Lucy Kellaway Joins the Tablet Pod People
CBO Projections of the Ryan Plan for Medicare...

Alice Rivlin: Paul Ryan Has Backed Himself into an Intellectual Corner

Ryan is against health exchanges for young people and for them for old people...

Ezra Klein: Speaking of the Affordable Care Act, you’ve said before that the theory behind the exchanges in Ryan-Rivlin and the theory behind the exchanges in the Affordable Care Act are identical. That would mean Republicans who believe in Ryan’s model should be more optimistic about the Affordable Care Act. But Ryan has said the two of you simply disagree on how to build the exchanges. Can you explain to me the disagreement you have that would make Ryan-Rivlin different from the ACA?

Alice Rivlin: No. I can’t. I think he’s sort of backed himself into an intellectual corner here.

Ezra Klein: When you would talk to him, did he seem to recognize that?

Alice Rivlin: Yes.

Here is the link to the interview:

Alice Rivlin: ‘I don’t support the version of Medicare premium support in the Ryan plan’:

Ezra Klein: “Alice Rivlin and I designed these Medicare and Medicaid reforms,” Paul Ryan said on “Morning Joe” yesterday. “Alice Rivlin was Clinton’s OMB director… she’s a proud Democrat at the Brookings institution. These entitlement reforms are based off of those models that she and I worked on together.” But Rivlin — who is all that Ryan says she is, in addition to a former vice chair of the Federal Reserve — is not supporting the reforms as written in Ryan’s budget. I spoke with her this morning to ask why. A lightly edited transcript of our conversation follows.

Ezra Klein: What struck me when I dug into the details of Ryan’s budget is that he changed the target Ryan-Rivlin had set for Medicare from GDP+1% to the rate of inflation. That seems pretty hard to achieve.

Alive Rivlin: That’s a reason for me saying very strongly that I don’t support the version of Medicare premium support in the Ryan plan. It’s both because the growth rate is much, much too low, and because it doesn’t preserve fee-for-service Medicare as the default option.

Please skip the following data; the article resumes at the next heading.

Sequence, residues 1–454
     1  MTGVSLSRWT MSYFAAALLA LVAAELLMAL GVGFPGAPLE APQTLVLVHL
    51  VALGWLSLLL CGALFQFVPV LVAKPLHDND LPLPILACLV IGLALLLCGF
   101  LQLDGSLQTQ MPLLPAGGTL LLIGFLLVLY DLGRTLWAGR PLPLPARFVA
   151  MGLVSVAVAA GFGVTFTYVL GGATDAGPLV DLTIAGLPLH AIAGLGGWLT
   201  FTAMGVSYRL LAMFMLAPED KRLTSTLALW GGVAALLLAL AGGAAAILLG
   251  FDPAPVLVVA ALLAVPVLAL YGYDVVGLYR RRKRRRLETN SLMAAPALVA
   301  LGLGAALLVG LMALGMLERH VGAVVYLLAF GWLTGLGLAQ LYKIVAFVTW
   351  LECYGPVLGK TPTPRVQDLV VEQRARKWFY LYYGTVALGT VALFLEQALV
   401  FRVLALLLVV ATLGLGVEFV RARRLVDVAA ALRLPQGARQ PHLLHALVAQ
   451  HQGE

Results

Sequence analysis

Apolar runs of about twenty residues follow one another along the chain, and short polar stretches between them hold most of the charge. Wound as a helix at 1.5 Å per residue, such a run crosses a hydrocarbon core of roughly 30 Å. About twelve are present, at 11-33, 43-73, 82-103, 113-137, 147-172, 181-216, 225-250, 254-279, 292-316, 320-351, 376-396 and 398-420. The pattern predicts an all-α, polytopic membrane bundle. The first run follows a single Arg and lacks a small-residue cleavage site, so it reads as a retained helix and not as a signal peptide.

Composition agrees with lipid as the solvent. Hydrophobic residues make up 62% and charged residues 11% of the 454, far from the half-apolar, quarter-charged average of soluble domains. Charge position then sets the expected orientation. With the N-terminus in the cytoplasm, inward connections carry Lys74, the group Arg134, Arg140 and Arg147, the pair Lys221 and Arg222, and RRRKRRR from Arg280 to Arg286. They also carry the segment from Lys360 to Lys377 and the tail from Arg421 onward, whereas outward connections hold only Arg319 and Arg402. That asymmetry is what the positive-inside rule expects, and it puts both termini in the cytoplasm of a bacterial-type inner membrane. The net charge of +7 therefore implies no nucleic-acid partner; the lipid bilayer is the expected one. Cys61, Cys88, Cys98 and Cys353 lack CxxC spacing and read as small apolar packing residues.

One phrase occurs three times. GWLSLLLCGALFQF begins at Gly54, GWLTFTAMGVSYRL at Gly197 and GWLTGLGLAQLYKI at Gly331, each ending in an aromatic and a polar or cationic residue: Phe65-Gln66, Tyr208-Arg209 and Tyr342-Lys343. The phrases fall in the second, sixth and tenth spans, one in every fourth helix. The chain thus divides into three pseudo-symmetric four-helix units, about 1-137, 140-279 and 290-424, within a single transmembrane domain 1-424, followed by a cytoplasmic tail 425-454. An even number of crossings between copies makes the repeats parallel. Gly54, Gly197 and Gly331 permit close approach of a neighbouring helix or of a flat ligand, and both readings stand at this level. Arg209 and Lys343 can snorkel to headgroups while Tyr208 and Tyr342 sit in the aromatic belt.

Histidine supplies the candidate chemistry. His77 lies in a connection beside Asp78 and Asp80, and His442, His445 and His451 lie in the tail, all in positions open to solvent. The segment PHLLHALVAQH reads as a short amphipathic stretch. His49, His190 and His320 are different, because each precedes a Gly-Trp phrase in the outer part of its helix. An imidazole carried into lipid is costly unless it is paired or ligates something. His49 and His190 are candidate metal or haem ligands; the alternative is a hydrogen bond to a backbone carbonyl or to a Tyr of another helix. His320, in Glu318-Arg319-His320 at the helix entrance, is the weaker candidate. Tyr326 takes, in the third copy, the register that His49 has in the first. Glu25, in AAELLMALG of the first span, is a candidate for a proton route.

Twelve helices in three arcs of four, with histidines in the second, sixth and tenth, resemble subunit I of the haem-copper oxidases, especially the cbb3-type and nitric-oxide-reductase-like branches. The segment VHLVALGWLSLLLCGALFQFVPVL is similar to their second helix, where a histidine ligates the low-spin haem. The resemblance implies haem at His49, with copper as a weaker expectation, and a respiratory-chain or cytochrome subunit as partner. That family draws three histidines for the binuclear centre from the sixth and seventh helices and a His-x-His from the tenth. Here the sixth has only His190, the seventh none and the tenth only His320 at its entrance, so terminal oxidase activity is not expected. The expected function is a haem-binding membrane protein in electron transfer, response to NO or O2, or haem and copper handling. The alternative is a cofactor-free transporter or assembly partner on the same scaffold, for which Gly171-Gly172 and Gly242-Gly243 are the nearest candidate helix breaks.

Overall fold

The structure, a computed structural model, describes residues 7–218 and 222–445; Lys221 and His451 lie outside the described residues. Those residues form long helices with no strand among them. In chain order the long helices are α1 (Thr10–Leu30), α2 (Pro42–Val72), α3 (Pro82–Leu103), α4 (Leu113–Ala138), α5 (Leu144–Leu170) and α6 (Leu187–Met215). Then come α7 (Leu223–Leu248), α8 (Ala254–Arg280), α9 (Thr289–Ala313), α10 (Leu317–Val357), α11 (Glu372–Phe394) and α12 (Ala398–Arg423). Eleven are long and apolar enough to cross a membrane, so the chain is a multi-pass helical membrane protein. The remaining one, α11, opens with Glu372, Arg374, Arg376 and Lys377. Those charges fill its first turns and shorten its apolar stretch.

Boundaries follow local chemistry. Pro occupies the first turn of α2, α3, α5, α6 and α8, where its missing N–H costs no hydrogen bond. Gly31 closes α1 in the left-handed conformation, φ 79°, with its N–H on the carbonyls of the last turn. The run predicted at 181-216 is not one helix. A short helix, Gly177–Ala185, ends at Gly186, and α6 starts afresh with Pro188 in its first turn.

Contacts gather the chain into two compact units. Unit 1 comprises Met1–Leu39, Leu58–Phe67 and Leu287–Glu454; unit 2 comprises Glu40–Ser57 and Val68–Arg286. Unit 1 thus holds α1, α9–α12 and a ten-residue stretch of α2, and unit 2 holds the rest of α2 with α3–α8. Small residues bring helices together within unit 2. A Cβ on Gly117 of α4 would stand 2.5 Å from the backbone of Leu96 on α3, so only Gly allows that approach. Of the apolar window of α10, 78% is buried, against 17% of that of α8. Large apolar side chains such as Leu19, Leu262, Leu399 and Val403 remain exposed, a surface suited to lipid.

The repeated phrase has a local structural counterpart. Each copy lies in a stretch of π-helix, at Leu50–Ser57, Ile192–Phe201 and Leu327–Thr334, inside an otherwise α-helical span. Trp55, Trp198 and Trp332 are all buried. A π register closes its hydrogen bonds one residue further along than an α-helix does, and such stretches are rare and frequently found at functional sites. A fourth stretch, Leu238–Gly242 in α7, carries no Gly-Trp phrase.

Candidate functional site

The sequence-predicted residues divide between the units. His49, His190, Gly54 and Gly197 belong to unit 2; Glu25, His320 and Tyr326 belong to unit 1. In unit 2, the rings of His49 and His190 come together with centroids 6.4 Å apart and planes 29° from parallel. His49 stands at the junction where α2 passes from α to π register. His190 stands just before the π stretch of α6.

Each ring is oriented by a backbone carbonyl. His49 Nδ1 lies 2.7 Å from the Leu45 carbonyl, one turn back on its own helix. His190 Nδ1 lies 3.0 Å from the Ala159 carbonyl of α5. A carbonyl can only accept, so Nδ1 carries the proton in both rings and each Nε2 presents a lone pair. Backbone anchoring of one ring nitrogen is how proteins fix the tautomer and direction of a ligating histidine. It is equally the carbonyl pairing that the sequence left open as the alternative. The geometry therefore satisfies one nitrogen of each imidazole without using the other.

Ezra Klein: It also doesn’t do much to actually make the delivery of health-care cheaper. I think that when people look at health-care reform from a budgetary perspective, they tend to rely on blunt financial tools, like simply giving people less insurance. But that just shifts costs to the people and their families. To make costs slow across the system, you need to make it cheaper to treat sick people.

Alice Rivlin: I entirely agree with that. And there’s a great deal in the Affordable Care Act in terms of research, pilot programs, alternative payment structures, alternative delivery systems, research on the effectiveness of treatments, that is needed. That’s why we need to keep the Affordable Care Act and strengthen the parts that hopefully give us more cost-effective care in the future. If you just control the federal spending without changing the delivery system, you just get cost shifting.

Ezra Klein: Speaking of the Affordable Care Act, you’ve said before that the theory behind the exchanges in Ryan-Rivlin and the theory behind the exchanges in the Affordable Care Act are identical. That would mean Republicans who believe in Ryan’s model should be more optimistic about the Affordable Care Act. But Ryan has said the two of you simply disagree on how to build the exchanges. Can you explain to me the disagreement you have that would make Ryan-Rivlin different from the ACA?

Alice Rivlin: No. I can’t. I think he’s sort of backed himself into an intellectual corner here.

Ezra Klein: When you would talk to him, did he seem to recognize that?

Alice Rivlin: Yes.

Ezra pulls his punches when he says that the Ryan plan "doesn’t do much to actually make the delivery of health-care cheaper." It does a great deal to make the delivery of health care more expensive. In my inbox right now:

Did you see how much [the Congressional Budget Office estimates the] overall costs [of treating Medicare patients] rise under Ryan -- not federal (which obviously goes down), but total cost per beneficiary? Because of higher admin cost and less negotiating power dominating any behavioral benefits, a massive increase -- from roughly a metric of 60 to 70 to 100 by 2030, which means on the order of 50 percent or so increase. Astonishing.

Comments